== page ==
Amanda Burden, Hon. AIANY, FAICP, Chair of the NYC City Planning Commission, won the Keystone Award at the Accent on Architecture gala of the American Architectural Foundation (AAF) on 02.04.11. Mayor Richard M. Daley of Chicago was the recipient, in absentia, of the Joseph Riley Award — record snows in Chicago made it impossible for him to attend the event, held at the Paul Mellon Auditorium in Washington, D.C. The AIA New York Chapter was well-represented by 2011 President Margaret Castillo, AIA, LEED AP, President-elect Joe Aliotta, AIA, Susan Chin, FAIA, Mary Burke, AIA, Mark Behm, Assoc. AIA, Venesa Alicea, AIA, Laura Trimble, Kate Rube, and Jay Bond.
The Keystone Award was presented by AAF President & CEO Ron Bogle after remarks by HUD Secretary Shaun Donovan, Hon. AIA, NEA Chairman Rocco Landesman, and Paul Goldberger of The New Yorker. Landesman praised Burden for her “design fanaticism,” saying that “she insists that architects do not only their best work, but that they go beyond themselves and do things that are new, that haven’t been done before.” In describing her as “exacerbating but irresistible, a visionary and a wonk,” he said that “the moral here is that good design leads not just to pleasure, but to real sustainability and economic utility as well.”
Despite travel problems that recalled last year’s Accent “Snowmageddon,” Goldberger arrived to deliver an oration praising Burden as the person who “understands the enormous importance of architectural quality in the public realm, and she has done this in the most visible city in the world. She is the city’s chief advocate for architecture, and recognizes that every work of architecture in the city, public or private, has a public role to play.” Goldberger noted that Burden “has become a symbol for architectural quality worldwide” and is someone who “reminds us never to forget that all design and planning decisions should be focused on making life easier and more pleasant. Design is not a thing apart, but a thing in service of the good life.” He spoke of her ability to see the big picture but also focus in on the detail, citing the neighborhood-by-neighborhood re-writing of the zoning code. “This is not planning as a bureaucrat, not planning as a technocrat, and certainly not planning as an autocrat,” he continued. “Amanda has been down on the ground. She has changed the zoning in a hundred neighborhoods.”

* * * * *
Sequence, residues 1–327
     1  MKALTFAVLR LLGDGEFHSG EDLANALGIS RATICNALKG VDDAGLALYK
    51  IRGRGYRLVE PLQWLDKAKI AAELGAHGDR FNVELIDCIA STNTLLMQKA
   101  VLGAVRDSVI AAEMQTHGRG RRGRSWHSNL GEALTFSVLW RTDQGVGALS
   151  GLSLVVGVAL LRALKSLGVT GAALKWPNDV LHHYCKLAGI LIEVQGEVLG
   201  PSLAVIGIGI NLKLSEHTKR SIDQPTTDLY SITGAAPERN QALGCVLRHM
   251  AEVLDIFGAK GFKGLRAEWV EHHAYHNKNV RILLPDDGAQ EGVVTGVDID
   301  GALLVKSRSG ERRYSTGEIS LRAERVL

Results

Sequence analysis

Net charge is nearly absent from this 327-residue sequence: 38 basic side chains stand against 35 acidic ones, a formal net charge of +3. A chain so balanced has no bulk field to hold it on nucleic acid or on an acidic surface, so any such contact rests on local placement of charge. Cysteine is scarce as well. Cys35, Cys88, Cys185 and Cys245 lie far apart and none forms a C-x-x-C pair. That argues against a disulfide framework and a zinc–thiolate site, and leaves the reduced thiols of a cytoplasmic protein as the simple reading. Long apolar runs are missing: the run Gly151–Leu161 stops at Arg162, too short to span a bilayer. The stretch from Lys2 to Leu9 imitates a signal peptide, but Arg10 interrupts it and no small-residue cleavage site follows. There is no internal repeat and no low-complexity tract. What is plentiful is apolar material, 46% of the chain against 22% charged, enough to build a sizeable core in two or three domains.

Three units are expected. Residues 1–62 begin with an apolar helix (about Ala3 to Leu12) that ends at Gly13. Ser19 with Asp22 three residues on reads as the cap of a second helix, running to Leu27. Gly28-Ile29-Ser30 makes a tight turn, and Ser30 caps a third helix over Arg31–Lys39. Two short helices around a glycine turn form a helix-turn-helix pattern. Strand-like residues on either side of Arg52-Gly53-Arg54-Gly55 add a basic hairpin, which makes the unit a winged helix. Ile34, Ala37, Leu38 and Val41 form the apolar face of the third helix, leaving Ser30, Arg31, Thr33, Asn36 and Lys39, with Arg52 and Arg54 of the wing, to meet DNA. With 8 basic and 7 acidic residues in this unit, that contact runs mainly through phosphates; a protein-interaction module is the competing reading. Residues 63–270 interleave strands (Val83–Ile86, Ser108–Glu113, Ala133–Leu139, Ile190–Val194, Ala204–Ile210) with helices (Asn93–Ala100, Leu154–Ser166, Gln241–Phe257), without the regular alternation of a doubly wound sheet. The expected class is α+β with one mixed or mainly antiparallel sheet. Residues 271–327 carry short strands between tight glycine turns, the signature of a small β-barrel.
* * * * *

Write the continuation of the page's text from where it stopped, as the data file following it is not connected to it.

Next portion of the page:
Burden concluded the evening by putting aside her prepared remarks and saying, simply, “I’m the luckiest person in the world. I love cities. To see something come alive, to see the High Line come alive, inspires me. Great design is not a solitary endeavor, it requires collaboration. It requires all of you.”